Indian fabrics from every state
With diversity in each state with regards to language, culture, traditions, beliefs, Indian states also take pride in having a specialty in a significant fabric, pattern or attire.
The Wedding Ensemble brings to you information on all the state-wise specialties and textiles that are unique and nothing less than beautiful in their own fine ways, scroll down to know more.
Jammu & Kashmir
Kullu Shawls – Initially woven to keep away from warmth is now considered an item of fashion and prestige. The shawls are known for their bright colors, and their geometrical designs. Kullu shawls are widely popular as they’re hand woven and organic in nature.
Pashmina Fabric – Pashmina is obtained from the fur of goats, and is widely also known as Cashmere. Pashminas are hand-woven and processed after which products like scarves, strolls, wraps or shawls are made, and are famous for their softness and warmth. Earlier they were worn by the royalties, but slowly the demand for Pashmina grew and since then they are used worldwide.
Phulkari Embroidery – Literally known as flower, Phulkari is a kind of embroidery that is traditional to Punjab. It has vibrant and beautiful flowers woven onto a cloth. Phulkari weaves are known for their uniqueness in the way they’re stitched. The flower motifs are woven on the back of the cloth so that the designs are shown up front.
Panchachuli Weave – Traditional to Panchachuli range of Himalayas, Panchachuli weave is a beautiful hand woven knitting technique the rural women of Tibet have been using to make shawls, strolls and wraps out of Tibetan cashmere and sheep wool.
Panja Durries – Used as carpets and rugs, Panja Durries are made from thick threads and consist of intricate and complicated designs that turn out to look beautiful. Panja is a tool that is used in making durries.
Chikankari Embroidery – Chikankari is intricate embroidery done on a piece of cloth that is first block printed. Initially Chikankari embroidery consisted of white threads on a white cloth, but today, a variety of colored cloths are used.
Shisha Embroidery – Shisha is a kind of embroidery that uses small pieces of mirrors that are stitched onto bright colored cloths.
Bhagalpuri silk – Bihar is known as the city of Silk, and Bhagalpuri silk is a specialty of the silk city. The fabric is woven out of dyed threads of tussar cocoons. Bhagalpuri silk sarees are amongst the popular ones for the variety of colors they offer.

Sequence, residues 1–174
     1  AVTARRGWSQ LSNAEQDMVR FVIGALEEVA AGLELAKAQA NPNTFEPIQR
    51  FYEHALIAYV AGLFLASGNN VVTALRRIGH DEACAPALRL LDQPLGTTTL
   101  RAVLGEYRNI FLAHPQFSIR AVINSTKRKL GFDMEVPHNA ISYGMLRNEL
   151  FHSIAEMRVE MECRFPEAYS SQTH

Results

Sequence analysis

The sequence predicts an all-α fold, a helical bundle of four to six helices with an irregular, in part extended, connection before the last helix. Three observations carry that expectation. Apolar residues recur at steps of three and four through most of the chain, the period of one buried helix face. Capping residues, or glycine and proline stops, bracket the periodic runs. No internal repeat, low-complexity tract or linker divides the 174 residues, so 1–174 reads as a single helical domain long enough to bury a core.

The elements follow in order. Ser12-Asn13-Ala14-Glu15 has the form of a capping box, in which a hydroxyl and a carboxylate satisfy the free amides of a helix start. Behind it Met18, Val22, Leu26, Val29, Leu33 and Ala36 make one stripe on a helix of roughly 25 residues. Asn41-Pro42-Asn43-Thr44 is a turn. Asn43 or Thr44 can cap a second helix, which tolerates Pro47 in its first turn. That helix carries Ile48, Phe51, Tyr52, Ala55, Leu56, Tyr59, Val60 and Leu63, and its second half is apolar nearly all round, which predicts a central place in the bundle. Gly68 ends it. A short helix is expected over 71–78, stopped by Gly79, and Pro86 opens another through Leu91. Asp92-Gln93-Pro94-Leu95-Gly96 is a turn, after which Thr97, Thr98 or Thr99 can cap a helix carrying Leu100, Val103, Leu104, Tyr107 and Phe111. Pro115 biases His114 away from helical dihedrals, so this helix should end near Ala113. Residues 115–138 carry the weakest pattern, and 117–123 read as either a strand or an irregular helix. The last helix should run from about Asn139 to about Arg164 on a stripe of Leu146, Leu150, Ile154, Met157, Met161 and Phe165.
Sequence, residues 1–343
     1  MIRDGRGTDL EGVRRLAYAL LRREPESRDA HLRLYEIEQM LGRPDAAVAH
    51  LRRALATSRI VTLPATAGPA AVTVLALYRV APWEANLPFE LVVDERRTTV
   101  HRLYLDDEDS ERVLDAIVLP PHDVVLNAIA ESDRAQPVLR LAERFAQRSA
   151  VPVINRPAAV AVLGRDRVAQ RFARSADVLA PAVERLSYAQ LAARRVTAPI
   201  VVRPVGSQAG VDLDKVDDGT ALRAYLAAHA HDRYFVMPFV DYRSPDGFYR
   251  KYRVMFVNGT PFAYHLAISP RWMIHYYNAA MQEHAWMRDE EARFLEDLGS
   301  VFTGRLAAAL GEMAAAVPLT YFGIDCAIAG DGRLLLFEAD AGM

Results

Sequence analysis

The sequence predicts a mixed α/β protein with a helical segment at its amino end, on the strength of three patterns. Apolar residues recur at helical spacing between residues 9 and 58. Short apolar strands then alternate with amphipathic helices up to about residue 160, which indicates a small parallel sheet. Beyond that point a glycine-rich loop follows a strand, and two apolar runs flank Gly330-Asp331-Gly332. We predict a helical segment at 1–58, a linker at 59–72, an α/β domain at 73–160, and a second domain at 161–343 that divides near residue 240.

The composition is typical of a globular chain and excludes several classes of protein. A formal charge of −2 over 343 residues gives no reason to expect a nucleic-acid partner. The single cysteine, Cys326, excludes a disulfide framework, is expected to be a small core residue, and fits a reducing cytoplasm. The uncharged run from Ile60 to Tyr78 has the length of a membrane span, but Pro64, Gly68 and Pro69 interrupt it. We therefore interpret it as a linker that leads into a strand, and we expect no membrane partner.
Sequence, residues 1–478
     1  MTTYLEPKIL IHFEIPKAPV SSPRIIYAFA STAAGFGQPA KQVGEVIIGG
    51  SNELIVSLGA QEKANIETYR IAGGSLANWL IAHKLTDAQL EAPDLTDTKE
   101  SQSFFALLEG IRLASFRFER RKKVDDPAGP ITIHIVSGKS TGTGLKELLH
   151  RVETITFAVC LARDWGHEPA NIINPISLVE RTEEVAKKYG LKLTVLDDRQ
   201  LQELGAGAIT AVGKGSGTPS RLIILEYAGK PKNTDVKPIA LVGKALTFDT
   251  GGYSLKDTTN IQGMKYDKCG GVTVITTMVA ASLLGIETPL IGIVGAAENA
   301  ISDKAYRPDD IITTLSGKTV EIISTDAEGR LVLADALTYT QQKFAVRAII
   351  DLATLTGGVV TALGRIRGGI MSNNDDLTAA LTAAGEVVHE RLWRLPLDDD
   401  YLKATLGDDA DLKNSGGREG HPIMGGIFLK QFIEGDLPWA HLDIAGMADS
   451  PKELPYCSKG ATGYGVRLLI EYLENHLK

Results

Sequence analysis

Lepcha – Lepcha is an age old handloom tradition of the Lepcha community of Sikkim. The base of lepcha is cotton, and the motifs that are woven onto the cotton are wool. Lepcha fabric is mostly used for decorative purposes like shoulder bags, cushion covers, napkins, table-mats etc.
Muga Silk – It is known as the “golden fibre” for its natural golden tint. Produced and found only in Assam, this silk has a fine texture and is durable. The silk’s lustre increases with every wash, and hence is known to be one of a kind silk.
Apatani Weave – The Apatani weave is famous throughout the state for its zig-zag, geometrical and angular designs. The Apatani weave comes from the Apatani tribe from Arunachal Pradesh and is considered to be an advanced weaving technique.
Naga Shawls – Naga Shawls have a variety in them as weaving is a traditional occupation of the people of Nagaland. Multiple tribes make beautiful Naga shawls distinct from each other but one common factor is that they all use red and black wool. Some of the shawls have animal motifs incorporated onto them.
Phanek Costume – Traditional Manipuri dress, the Phanek costume is a colored striped skirt made out of cotton and silk with heavy embroidery at the bottom. It is similar to wrap around skirt, and is worn by the women of the Manipur region.
Pachra Fabric – Pachra is a handloom fabric which is actually just a long piece of fabric that is worn by women as bottom wear. The specialty of this garment lies in its colorful stripes and intricate embroidery.